The behavior persists even though more than 80 percent of students admit their use of smartphones, tablets and laptops can interfere with learning.
More than one-fourth say their grades suffer as a result.
Barney McCoy, an associate professor of broadcasting at the University of Nebraska-Lincoln, began the study when he noticed the instructional challenges presented by students’ digital devices.
From the front of his classroom on multimedia, he often saw the smartphones creeping out. The view from the back of a classroom while a colleague taught Mass Media Principles was equally telling.
“They’ve got their laptops open, but they’re not always taking notes,” McCoy said. “Some might have two screens open — Facebook and their notes.”
Rather than rely on anecdotal evidence, McCoy decided to try to quantify how often college students tune out their instructors in favor of tweets and texts.
During fall 2012, he surveyed 777 students at six universities in five states about their classroom use of digital devices for non-instructional purposes.
He also asked the students how often they are distracted by others using digital devices and for their perspective on how digital devices should be policed.
“I don’t think students necessarily think it’s problematic,” McCoy said. “They think it’s part of their lives.”
Students from six universities were recruited for the computer survey by classroom instructors via email and personal contact. Respondents were not asked to reveal their name or institution, though colleges were identified through Internet Protocol addresses associated with the survey responses.
Here’s how often respondents said they used their digital devices for non-classroom purposes during a typical day (percentages equal more than 100 percent because of rounding):
Nearly 86 percent said they were texting, 68 percent reported they were checking email, 66 percent said they using social networks, 38 percent said they were surfing the Web and 8 percent said they were playing a game.
McCoy said he was surprised by one response: 79 percent of the students said they used their digital device to check the time.
“That’s a generational thing to me — a lot of young people don’t wear watches,” he said.
The top advantages of using digital devices for non-class purposes, according to students, are staying connected (70 percent), fighting boredom (55 percent) and doing related classwork (49 percent).
The most commonly cited disadvantages were that they don’t pay attention (90 percent), miss instruction (80 percent), or get called out by their instructor (32 percent).
More than one-fourth said they lose grade points because of their digital habits.
Perhaps it comes as no surprise that students downplayed the distraction caused by digital devices. Fewer than 5 percent considered it a “big” or “very big” distraction when classmates used digital devices and fewer than 5 percent considered their own use of a digital device to be a “big” or “very big” distraction.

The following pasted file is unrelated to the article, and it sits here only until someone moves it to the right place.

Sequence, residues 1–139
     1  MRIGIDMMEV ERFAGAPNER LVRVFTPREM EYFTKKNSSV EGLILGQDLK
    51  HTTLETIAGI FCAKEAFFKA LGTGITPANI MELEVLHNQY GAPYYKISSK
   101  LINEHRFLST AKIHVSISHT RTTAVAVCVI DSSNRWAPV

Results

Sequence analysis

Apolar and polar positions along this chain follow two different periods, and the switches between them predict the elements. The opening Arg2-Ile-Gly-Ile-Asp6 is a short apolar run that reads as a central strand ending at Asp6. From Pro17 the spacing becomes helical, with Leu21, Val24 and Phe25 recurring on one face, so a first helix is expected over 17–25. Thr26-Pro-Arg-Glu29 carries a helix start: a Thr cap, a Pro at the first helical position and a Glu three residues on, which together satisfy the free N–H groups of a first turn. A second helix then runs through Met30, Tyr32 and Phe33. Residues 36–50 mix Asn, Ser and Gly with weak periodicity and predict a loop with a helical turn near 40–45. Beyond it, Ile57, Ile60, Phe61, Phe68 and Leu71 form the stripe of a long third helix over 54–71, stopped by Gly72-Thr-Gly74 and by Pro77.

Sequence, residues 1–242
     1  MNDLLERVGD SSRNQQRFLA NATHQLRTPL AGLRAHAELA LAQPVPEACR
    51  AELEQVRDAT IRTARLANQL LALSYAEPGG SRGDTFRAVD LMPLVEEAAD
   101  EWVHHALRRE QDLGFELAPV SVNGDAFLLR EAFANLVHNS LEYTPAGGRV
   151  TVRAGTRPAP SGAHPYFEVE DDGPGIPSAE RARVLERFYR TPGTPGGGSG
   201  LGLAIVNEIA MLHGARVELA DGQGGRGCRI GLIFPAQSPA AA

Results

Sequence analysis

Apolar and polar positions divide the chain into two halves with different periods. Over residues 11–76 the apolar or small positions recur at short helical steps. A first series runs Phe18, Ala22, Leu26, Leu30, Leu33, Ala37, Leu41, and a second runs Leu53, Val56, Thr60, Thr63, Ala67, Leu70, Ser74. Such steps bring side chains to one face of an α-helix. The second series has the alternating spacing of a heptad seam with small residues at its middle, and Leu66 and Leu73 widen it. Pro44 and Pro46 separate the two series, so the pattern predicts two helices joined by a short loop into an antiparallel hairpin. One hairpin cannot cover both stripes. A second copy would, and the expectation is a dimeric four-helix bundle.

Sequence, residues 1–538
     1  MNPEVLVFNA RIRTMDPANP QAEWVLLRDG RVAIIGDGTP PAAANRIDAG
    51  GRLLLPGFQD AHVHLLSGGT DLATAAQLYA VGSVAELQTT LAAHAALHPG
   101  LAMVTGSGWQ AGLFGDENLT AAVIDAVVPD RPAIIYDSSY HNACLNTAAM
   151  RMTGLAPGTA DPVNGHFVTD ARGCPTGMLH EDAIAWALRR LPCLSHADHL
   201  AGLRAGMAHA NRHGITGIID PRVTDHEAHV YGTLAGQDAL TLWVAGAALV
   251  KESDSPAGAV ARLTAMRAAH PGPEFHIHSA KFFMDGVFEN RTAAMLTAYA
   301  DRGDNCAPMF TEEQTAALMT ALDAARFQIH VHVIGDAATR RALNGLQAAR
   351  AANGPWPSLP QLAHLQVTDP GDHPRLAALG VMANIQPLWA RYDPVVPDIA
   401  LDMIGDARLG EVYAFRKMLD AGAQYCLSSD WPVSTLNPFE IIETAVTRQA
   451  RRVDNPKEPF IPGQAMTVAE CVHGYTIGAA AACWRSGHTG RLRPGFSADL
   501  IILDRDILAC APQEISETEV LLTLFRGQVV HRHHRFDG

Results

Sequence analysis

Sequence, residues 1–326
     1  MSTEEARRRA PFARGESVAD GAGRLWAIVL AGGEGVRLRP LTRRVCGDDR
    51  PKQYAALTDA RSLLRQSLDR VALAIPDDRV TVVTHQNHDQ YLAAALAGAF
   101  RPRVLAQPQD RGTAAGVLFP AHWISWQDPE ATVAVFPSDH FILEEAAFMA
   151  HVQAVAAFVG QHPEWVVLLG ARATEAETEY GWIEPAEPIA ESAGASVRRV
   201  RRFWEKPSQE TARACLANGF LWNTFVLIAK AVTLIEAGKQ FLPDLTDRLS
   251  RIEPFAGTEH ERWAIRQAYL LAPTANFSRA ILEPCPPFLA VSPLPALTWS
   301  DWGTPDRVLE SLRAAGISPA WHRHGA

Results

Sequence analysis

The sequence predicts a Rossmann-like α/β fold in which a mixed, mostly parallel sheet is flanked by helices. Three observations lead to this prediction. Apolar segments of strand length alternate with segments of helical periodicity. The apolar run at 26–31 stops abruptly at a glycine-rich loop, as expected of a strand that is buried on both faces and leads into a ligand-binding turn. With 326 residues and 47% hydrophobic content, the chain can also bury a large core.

However, more than half the students said they were “a little” distracted when other students pulled out their devices and nearly 46 percent said they were “a little” distracted by their own use of digital devices.
Less than 17 percent said the use of digital devices was not a distraction.
Students do not want to leave their smartphones at home, however. More than 91 percent said they opposed a classroom ban on digital devices. Their preferred policy (72 percent) for dealing with digital distraction is for the instructor to speak to the offender.
They also preferred a first-offense warning, followed by penalties (65 percent) for those caught using devices for non-classroom purposes.
McCoy said digital distraction is a challenge with which instructors will continue to wrestle. A 2012 study showed that two-thirds of students age 18-29 own a smartphone, which gives them mobile access to the Internet as well as texting and email capabilities.
A 2013 study by Experian Marketing Services showed that 18- to 24-year-olds send and receive an average of 3,853 text messages per month.
“It’s become automatic behavior on the part of so many people — they do it without even thinking about it,” McCoy said.
He said he asks students to be aware that using their devices can distract others and to step outside the room if it’s a true emergency and they need to be connected.
He said he limits the length of his lectures and gives students periodic breaks so they can update Facebook or send a tweet. He said he also tries to get them to use their phones as part of their classroom activities — asking them to look up information, for example.
“I can guarantee you even when I do those things, it’s still not going to keep students from having a text conversation,” he said. “They’ll multitask while they’re doing it.”
The study is found online in the Journal of Media Education.
Source: University of Nebraska–Lincoln